On 12 April 2017 the Federation Council of the RF Federal Assembly adopted the draft Federal Law No. 52643-7 on Amendments to the Russian Federation Code on Administrative Offenses (the "Draft Law"). The Draft Law is expected to enter into force in the nearest future.

The Draft Law sets differentiated liability for entering into different types of anticompetitive agreements and engaging in concerted practices depending on the nature and degree of danger to the public of each of those types of offenses.

For instance, the Draft Law proposes to adopt a new version of Article 14.32 of the Administrative Code which, inter alia, introduces different rates of "turnover" fine for the following types of offenses:

  1. Cartels (other than cases where an agreement leads or may lead to an increase or decrease in price or price setting at auction): a fine of 3% to 15% of the annual revenue of the offender (of each cartel participant) from the sale of goods on the market for which the offense was committed;
  2. Agreements leading or that may lead to an increase or decrease in price or price setting at auction or anticompetitive agreements between auction organizers and/or customers with participants in those auctions: a fine of 10% to 50% of the starting price of the subject of the auction;
  3. Prohibited "vertical" agreements: a fine of 1% to 5% of the annual revenue of the offender (of each party to the prohibited agreement) from the sale of goods on the market for which the offense was committed;
  4. Other anticompetitive agreements: a fine of 1% to 5% of the annual revenue of the offender (of each party to the prohibited agreement) from the sale of goods on the market for which the offense was committed;
  5. Concerted practices: a fine of 1% to 3% of the offender's annual revenue from the sale of goods on the market for which the offense was committed.

By formalizing this method of determining the amount of fines, legislators have emphasized their understanding of the differentiation of various types of anticompetitive agreements and concerted practices by the degree of their danger to the public. Obviously, cartels are the most dangerous of them.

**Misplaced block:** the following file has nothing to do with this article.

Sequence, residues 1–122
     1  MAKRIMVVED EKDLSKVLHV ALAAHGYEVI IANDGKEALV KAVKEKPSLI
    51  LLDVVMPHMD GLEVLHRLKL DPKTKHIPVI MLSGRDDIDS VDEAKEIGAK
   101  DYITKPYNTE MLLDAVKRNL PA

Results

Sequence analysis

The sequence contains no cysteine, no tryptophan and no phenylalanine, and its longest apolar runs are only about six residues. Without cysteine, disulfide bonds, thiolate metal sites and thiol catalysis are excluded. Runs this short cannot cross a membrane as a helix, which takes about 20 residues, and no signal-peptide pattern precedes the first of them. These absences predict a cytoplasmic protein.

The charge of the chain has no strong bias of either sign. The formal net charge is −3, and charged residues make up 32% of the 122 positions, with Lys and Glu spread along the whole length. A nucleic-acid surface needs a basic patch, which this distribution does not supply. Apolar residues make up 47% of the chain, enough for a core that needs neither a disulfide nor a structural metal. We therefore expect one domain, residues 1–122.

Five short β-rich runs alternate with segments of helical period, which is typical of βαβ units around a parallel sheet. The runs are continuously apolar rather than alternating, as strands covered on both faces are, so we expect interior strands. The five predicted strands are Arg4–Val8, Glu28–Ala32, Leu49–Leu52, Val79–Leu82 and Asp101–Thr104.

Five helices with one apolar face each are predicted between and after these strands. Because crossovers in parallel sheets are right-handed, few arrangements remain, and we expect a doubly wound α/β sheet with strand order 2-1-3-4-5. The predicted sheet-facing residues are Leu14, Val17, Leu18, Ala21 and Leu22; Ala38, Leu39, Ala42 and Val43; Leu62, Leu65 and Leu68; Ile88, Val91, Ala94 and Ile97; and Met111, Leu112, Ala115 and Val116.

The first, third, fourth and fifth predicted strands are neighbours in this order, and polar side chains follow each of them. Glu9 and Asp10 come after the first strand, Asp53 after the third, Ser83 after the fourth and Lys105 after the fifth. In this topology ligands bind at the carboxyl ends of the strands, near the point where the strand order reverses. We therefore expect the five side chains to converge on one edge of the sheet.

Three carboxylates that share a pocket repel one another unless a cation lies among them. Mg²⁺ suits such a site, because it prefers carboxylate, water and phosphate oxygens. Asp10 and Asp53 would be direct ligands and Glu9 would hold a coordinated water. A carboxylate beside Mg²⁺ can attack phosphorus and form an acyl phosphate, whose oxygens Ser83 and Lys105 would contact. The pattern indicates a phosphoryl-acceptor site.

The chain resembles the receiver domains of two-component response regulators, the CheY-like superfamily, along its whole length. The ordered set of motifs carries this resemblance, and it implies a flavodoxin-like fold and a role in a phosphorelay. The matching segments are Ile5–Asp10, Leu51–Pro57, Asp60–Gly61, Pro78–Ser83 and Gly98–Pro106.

It is noteworthy that a much wider range of fine amounts is set for cartels than for other types of antimonopoly offenses. We remind the reader that note 4 to Article 14.31 of the Administrative Code, which remained unchanged after the adoption of the Draft Law, contains a rule for calculating the amount of the "turnover" fine, including for cartels, depending on whether or not there are mitigating and/or aggravating circumstances.

The procedure for applying this rule is currently described in more detail in the FAS Russia Guidelines1 for calculating the amount of the administrative fine based on the offender's revenue. These guidelines are an internal act of FAS Russia that is intended to ensure uniform practice of the local FAS Russia departments in setting "turnover" fines. The adoption of the Draft Law will require FAS Russia to further work on bringing the Guidelines into compliance with the new version of the Administrative Code, as the Guidelines do not currently fully reflect the differentiation established by the Draft Law.

The procedure for applying the new version of the Administrative Code to offenses committed before it enters into force is worth focusing on separately. Generally a law mitigating or canceling administrative liability has retroactive force, in other words, it applies to a person who committed an administrative offense before the law entered into force and against whom the administrative penalty order has not yet been enforced.2 Thus, after the Draft Law enters into force, participants in “vertical” and other anticompetitive agreements and concerted practices can count on a lower amount of administrative fines as compared to the amounts in the current version of the Administrative Code regardless of when the offense was committed (provided the conditions of the relevant provisions of the Administrative Code are observed).